Once reach needs to extend beyond 100 meters at 400G, single mode optics is required. There are several technology options: Silicon Photonics (SiP), direct modulated lasers (DML) and externally modulated lasers (EML). It is generally accepted in the technical community that SiP-based transponders are best suited for parallel fiber, with one 100G lane per fiber, because this technology allows sharing of a single laser source amongst multiple modulators, each one creating a 100G lane. The sweet spot for parallel-fiber solutions is around 500m applications, although technically SiP can go longer reaches, the cost of the parallel fibers starts to outweigh the transponder cost savings. For links that need to reach 2km or 10km, most network providers, therefore, prefer duplex fiber, reducing the amount of fibers fourfold. Since either four or eight separate wavelengths are now required, the above described laser sharing is no longer an option thereby making DMLs and EMLs appealing. However, SiP solutions are also competing in this space and the jury is still out about which technology will eventually dominate.
 
Coherent transponders will dominate the DCI and metro applications 

Of course, the bandwidth explosion will ripple through data center interconnection, metro and access networks as well. It is the consensus in the technical community that for distances >30km and rates of 100G and above coherent technologies offer the best trade-offs between cost of the transponders versus cost of the fiber plant. One big advantage of coherent is that the fiber plant does not have to be engineered, because a coherent transponder can undo most of the transmission impairments on its own. Coherent transponders can also bridge very lossy links without need of optical amplification, making them attractive even for access networks.

Finisar to play in all segments: multimode, single-mode direct detect and coherent

In 2019, Finisar expects to ship 400G products across all reaches. We are now sampling single mode parallel 400G modules based on internal Silicon Photonics (shown at ECOC 2018), supporting up to 500m links.  For longer reaches (2km) and duplex fiber, 400G FR8 pluggable modules based on InP components are also available. Direct detect at 400G can even go much longer; our recently demonstrated QSFP-DD “eLR8” module with directly modulated 50G lasers can transmit data up to 30km through unamplified grey optics links. For coherent optical links we have developed what we believe is the highest integrated, lowest power coherent optical components on the market. The integrated tunable transmitter receiver assembly (ITTRA) integrates all the optical and control functionality into a single gold box. These very small form factor components are designed to fit into future coherent pluggable modules such as QSFP-DD, OSFP, CFP2, and CFP4. Its bandwidth of 40GHz will enable capacities of about 600Gb/s per single wavelength, something that was unimaginable only a few years ago. The low power, cost and footprint profile of the ITTRA will make coherent competitive for new non-unamplified applications that have been, up to now, the undisputed domain of direct detect technology.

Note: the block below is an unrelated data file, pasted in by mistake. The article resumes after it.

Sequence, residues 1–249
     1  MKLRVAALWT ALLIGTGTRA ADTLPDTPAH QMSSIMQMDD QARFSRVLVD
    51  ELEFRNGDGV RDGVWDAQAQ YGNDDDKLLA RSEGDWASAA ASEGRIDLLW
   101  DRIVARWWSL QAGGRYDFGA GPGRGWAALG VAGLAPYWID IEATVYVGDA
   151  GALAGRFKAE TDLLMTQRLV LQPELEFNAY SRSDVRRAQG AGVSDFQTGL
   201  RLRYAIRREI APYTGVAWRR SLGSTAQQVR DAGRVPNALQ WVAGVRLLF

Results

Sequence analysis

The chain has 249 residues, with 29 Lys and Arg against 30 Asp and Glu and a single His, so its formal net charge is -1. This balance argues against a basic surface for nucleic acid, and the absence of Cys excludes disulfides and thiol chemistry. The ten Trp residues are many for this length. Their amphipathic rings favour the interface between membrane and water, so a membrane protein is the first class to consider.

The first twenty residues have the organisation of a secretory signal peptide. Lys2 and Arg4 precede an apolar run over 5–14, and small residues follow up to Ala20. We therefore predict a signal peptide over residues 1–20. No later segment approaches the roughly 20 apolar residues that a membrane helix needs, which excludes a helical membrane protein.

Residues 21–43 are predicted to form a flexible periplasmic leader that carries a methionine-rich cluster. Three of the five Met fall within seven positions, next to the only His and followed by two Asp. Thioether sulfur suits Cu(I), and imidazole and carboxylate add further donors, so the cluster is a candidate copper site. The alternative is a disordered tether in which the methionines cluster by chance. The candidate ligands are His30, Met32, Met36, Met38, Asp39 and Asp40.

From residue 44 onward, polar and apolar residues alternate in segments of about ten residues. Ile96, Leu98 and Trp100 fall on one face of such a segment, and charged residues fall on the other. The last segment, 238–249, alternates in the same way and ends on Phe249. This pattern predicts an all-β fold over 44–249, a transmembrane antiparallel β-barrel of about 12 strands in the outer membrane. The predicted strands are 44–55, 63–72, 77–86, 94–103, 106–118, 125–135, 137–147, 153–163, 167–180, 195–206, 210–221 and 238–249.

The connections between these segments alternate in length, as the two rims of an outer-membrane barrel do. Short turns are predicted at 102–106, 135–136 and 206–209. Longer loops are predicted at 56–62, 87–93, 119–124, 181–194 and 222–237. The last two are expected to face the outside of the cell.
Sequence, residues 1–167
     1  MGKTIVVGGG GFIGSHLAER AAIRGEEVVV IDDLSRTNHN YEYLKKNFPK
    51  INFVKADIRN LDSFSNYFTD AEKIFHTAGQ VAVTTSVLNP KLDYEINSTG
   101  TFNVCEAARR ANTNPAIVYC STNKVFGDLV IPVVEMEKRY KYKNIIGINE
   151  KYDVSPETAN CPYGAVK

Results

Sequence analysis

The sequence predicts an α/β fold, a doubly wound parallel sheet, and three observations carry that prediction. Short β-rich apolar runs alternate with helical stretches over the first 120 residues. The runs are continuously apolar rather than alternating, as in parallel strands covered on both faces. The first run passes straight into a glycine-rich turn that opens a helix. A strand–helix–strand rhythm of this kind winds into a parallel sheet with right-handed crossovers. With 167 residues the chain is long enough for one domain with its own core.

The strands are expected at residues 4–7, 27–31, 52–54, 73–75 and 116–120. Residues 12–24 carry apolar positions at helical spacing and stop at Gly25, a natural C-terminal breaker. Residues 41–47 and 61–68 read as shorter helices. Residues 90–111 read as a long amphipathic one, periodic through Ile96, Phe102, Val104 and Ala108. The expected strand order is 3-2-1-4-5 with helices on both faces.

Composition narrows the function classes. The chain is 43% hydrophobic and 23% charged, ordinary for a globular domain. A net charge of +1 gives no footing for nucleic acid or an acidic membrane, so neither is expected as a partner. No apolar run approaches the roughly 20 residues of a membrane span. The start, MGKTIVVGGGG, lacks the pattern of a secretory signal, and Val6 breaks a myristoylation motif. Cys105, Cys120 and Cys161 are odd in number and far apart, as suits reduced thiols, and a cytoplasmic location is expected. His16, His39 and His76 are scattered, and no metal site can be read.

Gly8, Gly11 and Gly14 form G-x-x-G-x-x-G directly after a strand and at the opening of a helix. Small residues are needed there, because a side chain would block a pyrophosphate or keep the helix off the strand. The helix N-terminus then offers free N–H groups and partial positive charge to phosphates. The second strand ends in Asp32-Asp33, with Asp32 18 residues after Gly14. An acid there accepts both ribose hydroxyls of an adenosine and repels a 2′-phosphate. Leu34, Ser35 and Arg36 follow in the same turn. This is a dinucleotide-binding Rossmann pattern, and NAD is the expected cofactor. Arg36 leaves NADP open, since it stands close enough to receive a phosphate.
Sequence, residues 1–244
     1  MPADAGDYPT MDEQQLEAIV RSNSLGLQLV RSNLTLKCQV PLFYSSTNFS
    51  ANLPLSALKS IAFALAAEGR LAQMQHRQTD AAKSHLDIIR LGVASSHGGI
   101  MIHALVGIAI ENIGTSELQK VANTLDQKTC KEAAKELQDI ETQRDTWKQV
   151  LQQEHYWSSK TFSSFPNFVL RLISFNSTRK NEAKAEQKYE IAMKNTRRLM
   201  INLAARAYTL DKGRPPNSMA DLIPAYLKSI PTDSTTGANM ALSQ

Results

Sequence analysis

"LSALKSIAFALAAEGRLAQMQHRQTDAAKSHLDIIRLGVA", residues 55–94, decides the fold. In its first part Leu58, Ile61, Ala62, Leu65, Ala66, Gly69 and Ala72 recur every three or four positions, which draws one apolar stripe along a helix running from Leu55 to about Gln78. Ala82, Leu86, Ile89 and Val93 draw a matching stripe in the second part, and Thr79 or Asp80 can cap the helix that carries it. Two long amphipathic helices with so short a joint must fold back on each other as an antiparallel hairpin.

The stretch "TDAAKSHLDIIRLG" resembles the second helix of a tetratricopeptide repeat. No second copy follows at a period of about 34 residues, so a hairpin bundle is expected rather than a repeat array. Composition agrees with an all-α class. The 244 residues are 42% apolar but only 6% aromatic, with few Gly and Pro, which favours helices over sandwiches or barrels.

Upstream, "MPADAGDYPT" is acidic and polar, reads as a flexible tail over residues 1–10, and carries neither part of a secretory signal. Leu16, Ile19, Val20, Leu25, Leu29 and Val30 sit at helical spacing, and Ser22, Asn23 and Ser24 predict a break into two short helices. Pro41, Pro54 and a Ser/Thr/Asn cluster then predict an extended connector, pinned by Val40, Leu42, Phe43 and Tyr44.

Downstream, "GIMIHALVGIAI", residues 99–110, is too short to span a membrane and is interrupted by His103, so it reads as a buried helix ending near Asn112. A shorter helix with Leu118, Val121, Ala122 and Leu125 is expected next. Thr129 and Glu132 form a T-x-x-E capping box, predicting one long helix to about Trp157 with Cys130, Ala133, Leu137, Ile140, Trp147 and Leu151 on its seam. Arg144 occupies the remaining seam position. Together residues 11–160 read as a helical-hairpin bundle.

Only the future will tell where the boundaries between multimode, single-mode direct detect, and coherent lies. There are powerful new technologies such a Silicon Photonics, low-power CMOS, chip-on-glass packaging technology and high-volume applications in data centers and 5G Mobile networks that will push the boundaries in unknown directions. What is clear is that Finisar has all the tools and technologies in-house to offer products that are cost and performance competitive for any of the emerging optical interconnection needs.


Martin Zirngibl was named Corporate CTO of Finisar in June 2018. He joined the company in 2016 as a VP Technology Fellow responsible for coherent product strategy. Prior to Finisar, he held progressive managerial roles at Nokia Bell Labs including Director of Optical Networking Research and Executive Director of Device and Subsystems Research. He also served as a member of technical staff at AT&T Bell Laboratories. Dr. Zirngibl holds a PhD in Physics from the Swiss Institute of Technology, Lausanne and a Diploma in Theoretical Physics from the same Institute. He received the Bell Labs Fellow award in 2008 and has published more than 100 scientific papers and filed over 50 patents.